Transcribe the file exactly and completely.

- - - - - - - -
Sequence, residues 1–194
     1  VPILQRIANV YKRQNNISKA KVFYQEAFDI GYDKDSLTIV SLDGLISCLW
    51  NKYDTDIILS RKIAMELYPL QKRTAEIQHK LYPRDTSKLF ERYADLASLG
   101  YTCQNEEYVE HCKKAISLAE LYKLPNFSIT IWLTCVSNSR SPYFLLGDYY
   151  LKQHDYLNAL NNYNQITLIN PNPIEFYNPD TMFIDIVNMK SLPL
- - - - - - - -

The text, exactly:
Sequence, residues 1–194
     1  VPILQRIANV YKRQNNISKA KVFYQEAFDI GYDKDSLTIV SLDGLISCLW
    51  NKYDTDIILS RKIAMELYPL QKRTAEIQHK LYPRDTSKLF ERYADLASLG
   101  YTCQNEEYVE HCKKAISLAE LYKLPNFSIT IWLTCVSNSR SPYFLLGDYY
   151  LKQHDYLNAL NNYNQITLIN PNPIEFYNPD TMFIDIVNMK SLPL